The basics of cryptocurrency that you need to know
Cryptocurrency is the financial buzzword of the 21st century. Just watch the news and you’ll hear many stories on these digital currencies most notably, Bitcoin and Ethereum, arguably two of the most well-known cryptocurrencies that are being traded.
There’s a lot more to cryptocurrencies than the glitzy stories of overnight wealth amassed by individuals. But how does the technology work?
We got curious so we decided to do some research into the world of cryptocurrency and did some digging on the technology. Here is cryptocurrency for you. Decrypted.
Where did cryptocurrency begin?
In October 2008, a certain Satoshi Nakamoto published a paper entitled ‘Bitcoin: A Peer-to-Peer Electronic Cash System’, to create a digital cash system that was not governed by a central authority. In January 2009, the first cryptocurrency, Bitcoin, was released (somewhat quietly) to the public.
Now, there are over 1,000 different cryptocurrencies that are either publicly available for trading or created for specific purposes.
Why is it called cryptocurrency?
Cryptocurrency combines digital money with cryptography, the practice and techniques for secure and secret communication. Therefore, financial transactions and exchanges which are secured with high-level cryptography are referred to as cryptocurrency.
How does cryptocurrency work?
Cryptocurrencies are exchanged on a decentralised network made of computers from all around the world. In fact, recent estimations suggest there are now more than 1.65 million computers harvesting cryptocurrencies! All cryptocurrency transactions are recorded on a public ledger called the Blockchain.
This makes cryptocurrency vastly different from conventional transactions, all of which are governed by a central authority.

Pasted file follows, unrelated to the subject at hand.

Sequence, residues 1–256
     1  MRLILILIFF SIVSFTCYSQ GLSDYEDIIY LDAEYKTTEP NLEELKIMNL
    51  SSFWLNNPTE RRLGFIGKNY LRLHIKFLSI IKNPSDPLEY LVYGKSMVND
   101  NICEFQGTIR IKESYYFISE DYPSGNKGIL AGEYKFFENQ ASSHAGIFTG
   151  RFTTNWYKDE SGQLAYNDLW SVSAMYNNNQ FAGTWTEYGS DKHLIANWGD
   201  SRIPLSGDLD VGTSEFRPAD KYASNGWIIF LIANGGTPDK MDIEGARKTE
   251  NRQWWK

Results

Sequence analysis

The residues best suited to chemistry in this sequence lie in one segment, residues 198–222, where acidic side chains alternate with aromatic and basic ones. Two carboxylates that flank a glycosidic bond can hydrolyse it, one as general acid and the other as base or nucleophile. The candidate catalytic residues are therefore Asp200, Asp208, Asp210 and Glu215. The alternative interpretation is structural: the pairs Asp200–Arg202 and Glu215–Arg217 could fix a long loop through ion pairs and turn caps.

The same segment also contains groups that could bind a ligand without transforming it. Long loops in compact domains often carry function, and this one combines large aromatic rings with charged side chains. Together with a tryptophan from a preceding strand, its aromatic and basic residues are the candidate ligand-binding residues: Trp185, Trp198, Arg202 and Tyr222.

If you send $10 to your friend John, that $10 gets deducted from your account and then gets transferred into John’s account. The reason for this is because the bank (the central authority) keeps track of your transactions so that you cannot use the same $10 to send to John again.
In the cryptocurrency world, if you sent $10 to John, that transaction is verified in a vast peer-to-peer network of computers that solve complex calculations (cryptography) to verify your transaction.
If cryptocurrency only exists digitally, how do you store it?
The first thing to do is to get an e-wallet that specifically stores cryptocurrency. Since cryptocurrency only exists in digital form, all transactions happen online. In order to send or receive cryptocurrencies, you need to have a digital wallet. These wallets are also encrypted with passwords for increased security.
Can you use cryptocurrency to buy things?
Yes. There are many vendors in the world that accept cryptocurrency as a mode of payment. In fact, there are malls in the world that only accept cryptocurrency as a mode of payment.
What are the problems associated with cryptocurrencies?
The response to cryptocurrency has been controversial largely due to its decentralised nature and anonymity of transactions. If you were to open the public ledger (Blockchain), you would only see numbers everywhere.
There are no names, no addresses and other personal information that are contained in the Blockchain which is essentially a statement of everyone’s accounts revealed publicly.
On one hand, you can argue that this makes it more transparent. But on the other hand, such anonymity makes it a target vehicle for illegal transactions that support criminal activity.
What are the potential benefits of cryptocurrency?
The decentralised nature of cryptocurrency means a lot of benefits for users, some of which includes better security, transparency, zero or lower fees for users.
When paying someone in cryptocurrency, you don’t have to use a third party intermediary that will likely charge fees for their services.
Cryptocurrencies are also recognised on a universal level which means that it is not bound by interest rates, charges or foreign exchange fluctuations which makes it a viable solution for businesses that could save money on international transactions.